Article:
Blog by Gab D’Astous, Ottawa organizer for Climate 101 

For the past few days I have been biking around Ottawa talking to folks about civil disobedience. Specifically, I’m talking to them about Climate 101, a plan that I, along with a 100 other students and youth, have to risk arrest on October 24th calling on Prime Minister Trudeau to take real climate action and reject the Kinder Morgan pipeline.

Trudeau is the self-appointed Minister of Youth. The Kinder Morgan pipeline, which has the same climate impact as adding over 30 million new cars to the road, is a project that directly threatens the future young people like me will inherit. Riding from one meeting to the next, the irony is palpable.

Trudeau made youth involvement in politics a pillar of his political identity, yet he seems to turn a deaf ear when we speak up on Indigenous rights and climate science. I guess that’s what you get with a Prime Minister, and Minister of Youth that seems to value selfies over substance.

As I bike along the beautiful Ottawa River, which could be flooded with tar sands crude if the Energy East pipeline is ever built, I remember my grade 11 civics teacher scolding the class. He accused us, our whole generation, of being apathetic. It’s something I’ve heard all too often from pretty much anyone old enough to remember a time before the internet. My generation, called millennials in the media, is the selfish generation. Unlike those who came before us, we constantly seem to fail some test of engaged citizenry.

My laughter mixes with the honking of geese resting on the bank of the river as they prepare to  journey south for the winter.

What utter and complete bullshit. I think to myself.

I met two of my best friends in seventh grade one already a staunch feminist and the other a die-hard environmentalist. At 18, I joined hundreds of thousands of students in Québec to defend our education. We locked arms, faced down armoured riot police, risked arrest, got arrested and showed up to do it again and again, day after day through the months now called the “maple spring”.  As I grew older, I travelled across and beyond Turtle Island, the indigenous name for what we now call North America, quickly discovering that youth across the globe are constantly leading movements and efforts to create loving communities and different worlds.

Now that I am back navigating the bike paths I grew up on, I think about all the conversations I’ve had over the past few weeks. Either over the phone or in person, I’ve talked about climate justice and getting arrested with people ranging from first-year university students to folks with stable government jobs. Sometimes these conversations take 5 minutes with folks agreeing to risk arrest without batting an eyelash. Other times, these conversations develop over the course of multiple coffees as my peer grapples with the uncertainty being arrest brings and their deep desire to take action. As we talk about social movements, climate science, Indigenous rights and our previous experiences, they slowly chart a path out of their comfort zone.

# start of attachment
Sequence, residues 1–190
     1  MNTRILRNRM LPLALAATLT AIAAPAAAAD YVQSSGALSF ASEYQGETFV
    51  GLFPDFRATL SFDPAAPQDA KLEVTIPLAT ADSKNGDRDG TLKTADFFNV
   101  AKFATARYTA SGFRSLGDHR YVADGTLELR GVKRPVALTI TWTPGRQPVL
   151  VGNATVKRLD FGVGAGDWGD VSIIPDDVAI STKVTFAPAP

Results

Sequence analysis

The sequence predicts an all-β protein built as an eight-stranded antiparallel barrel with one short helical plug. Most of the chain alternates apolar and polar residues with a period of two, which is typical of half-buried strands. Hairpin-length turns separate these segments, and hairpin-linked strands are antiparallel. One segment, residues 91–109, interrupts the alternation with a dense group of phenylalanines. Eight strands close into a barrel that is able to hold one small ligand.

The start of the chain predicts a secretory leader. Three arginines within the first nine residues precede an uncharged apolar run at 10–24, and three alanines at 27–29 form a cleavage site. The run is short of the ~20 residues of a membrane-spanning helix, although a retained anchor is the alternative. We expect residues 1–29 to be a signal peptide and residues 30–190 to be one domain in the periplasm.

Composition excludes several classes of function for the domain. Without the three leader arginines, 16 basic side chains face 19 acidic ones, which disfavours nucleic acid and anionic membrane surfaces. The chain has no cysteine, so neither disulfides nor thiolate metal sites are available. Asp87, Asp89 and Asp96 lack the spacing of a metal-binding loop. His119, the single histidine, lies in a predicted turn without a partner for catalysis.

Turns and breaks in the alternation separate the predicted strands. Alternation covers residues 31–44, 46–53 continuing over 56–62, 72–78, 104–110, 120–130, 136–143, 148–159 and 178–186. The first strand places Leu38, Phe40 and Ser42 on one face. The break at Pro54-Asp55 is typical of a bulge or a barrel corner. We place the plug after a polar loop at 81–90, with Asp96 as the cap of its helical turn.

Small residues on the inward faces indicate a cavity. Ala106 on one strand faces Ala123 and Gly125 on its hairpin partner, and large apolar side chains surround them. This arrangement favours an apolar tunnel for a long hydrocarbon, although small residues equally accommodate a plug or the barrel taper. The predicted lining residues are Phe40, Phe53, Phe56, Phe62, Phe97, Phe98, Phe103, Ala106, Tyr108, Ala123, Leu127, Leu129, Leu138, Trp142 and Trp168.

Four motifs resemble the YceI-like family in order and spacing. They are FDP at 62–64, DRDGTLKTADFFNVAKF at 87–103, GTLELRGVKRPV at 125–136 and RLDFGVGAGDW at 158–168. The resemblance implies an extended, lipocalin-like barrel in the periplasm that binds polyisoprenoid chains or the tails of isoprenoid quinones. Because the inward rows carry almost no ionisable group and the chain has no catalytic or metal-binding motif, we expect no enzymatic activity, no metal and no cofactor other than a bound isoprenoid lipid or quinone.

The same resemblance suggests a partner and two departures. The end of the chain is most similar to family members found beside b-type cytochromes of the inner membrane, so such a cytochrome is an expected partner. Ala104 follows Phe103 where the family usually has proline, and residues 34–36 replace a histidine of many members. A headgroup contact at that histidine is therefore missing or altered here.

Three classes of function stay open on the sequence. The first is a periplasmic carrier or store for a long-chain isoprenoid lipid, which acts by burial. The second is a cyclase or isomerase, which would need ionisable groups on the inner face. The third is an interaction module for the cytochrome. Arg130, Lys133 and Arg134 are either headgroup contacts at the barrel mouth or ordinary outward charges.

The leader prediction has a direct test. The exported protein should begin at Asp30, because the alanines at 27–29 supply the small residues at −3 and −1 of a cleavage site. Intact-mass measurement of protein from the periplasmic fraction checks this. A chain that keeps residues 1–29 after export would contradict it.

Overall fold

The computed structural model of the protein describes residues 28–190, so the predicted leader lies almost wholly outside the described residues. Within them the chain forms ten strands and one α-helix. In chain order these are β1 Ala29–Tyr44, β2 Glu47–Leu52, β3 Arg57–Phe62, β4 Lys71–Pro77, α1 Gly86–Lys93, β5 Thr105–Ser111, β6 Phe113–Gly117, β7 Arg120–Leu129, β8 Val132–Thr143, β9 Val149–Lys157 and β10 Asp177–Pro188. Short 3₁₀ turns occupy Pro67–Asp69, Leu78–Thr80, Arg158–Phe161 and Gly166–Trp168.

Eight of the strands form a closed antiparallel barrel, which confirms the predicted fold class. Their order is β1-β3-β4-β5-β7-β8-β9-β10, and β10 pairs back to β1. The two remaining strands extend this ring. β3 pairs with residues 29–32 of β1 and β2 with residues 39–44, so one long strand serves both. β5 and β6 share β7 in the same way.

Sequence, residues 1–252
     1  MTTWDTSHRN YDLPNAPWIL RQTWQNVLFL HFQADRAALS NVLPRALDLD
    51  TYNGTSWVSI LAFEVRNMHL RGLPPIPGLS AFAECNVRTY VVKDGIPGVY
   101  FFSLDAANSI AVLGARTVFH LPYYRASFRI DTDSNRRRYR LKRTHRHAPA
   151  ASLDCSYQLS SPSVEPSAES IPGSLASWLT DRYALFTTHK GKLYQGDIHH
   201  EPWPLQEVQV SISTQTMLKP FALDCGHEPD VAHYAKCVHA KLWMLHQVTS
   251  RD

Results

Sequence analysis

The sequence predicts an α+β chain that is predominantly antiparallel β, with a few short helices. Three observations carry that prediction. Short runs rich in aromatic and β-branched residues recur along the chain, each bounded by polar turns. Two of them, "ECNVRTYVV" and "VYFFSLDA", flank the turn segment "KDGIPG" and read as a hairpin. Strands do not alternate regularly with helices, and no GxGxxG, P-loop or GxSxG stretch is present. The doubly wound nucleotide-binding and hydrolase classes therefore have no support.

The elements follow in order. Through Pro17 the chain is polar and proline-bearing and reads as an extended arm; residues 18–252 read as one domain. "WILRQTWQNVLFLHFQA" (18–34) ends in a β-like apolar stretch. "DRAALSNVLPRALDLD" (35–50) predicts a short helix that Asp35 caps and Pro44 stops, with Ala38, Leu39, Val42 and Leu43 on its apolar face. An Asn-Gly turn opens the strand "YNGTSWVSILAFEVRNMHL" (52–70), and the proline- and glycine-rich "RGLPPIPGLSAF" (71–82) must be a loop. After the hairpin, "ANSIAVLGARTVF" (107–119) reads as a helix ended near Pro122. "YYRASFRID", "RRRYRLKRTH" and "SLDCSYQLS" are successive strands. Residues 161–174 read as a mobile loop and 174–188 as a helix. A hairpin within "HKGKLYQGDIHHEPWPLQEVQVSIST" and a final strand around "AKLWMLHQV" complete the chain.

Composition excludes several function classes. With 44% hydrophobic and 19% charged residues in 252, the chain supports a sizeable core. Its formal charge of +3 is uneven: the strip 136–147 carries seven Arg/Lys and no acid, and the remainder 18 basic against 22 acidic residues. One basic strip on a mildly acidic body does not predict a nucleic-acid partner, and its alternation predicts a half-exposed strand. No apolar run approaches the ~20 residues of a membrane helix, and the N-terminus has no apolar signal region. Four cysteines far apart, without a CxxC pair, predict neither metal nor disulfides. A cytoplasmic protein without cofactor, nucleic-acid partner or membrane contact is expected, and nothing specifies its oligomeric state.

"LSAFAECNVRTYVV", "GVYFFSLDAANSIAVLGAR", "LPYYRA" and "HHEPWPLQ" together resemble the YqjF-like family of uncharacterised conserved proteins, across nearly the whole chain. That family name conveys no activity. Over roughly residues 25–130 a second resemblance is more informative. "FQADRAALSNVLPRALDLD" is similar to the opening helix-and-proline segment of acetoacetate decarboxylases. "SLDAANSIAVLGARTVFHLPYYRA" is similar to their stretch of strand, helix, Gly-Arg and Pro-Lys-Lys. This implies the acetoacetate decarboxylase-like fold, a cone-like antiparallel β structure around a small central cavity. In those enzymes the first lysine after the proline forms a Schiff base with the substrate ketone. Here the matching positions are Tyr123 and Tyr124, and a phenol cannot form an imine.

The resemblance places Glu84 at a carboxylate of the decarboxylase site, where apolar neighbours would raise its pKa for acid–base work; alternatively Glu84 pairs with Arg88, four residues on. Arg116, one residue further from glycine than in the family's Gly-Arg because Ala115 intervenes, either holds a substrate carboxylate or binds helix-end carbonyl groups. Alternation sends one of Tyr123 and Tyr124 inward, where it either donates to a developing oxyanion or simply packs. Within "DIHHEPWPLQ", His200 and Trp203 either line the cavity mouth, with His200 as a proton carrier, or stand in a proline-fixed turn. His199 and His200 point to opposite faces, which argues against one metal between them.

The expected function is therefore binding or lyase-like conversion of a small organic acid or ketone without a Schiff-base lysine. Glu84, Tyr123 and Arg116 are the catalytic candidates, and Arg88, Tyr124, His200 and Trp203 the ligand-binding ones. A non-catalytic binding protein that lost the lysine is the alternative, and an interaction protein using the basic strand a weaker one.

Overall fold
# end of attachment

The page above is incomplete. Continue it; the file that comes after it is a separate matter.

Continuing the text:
My generation is far from being apolitical, and even farther from being apathetic. The problem isn’t that we don’t speak up or show up. The problem seems to be that the politicians who ask us to do so haven’t heard what we have been saying all this time.

It might be because the truths we speak don’t uphold business as usual. We believe that another world is indeed possible, not just this one with a new coat of paint. And this might simply be something the Prime Minister isn’t interested in hearing.

Or maybe the Prime Minister is honest in his promise to listen to youth. Maybe our voices have simply been drowned out by oil and gas lobbyists. Maybe he just needs to be pushed in the right direction to uphold his promises on Indigenous rights and climate action.

Whatever the case may be, the past few weeks have given me the increased assurance that my generation will continue to speak up and show up for a more just world. Like all the other inspiring folks I’ve talked to in the lead up to Climate 101, we know that if we don’t act to save our future nobody will do it for us.

That’s why, on October 24th, I’ll be heading to Ottawa with a hundred of my peers to speak a truth directly to power – climate leaders don’t build pipelines. A mass of youth from across Canada will gather, flowing through the streets of the capital like a river and surrounding decision makers like an ocean. And, just like the roar of the Ottawa river I pass every day on my bike, the Prime Minister will have no choice but to hear us on the 24th.

Join me, join us as we tell the self-appointed minister of youth what youth actually care about.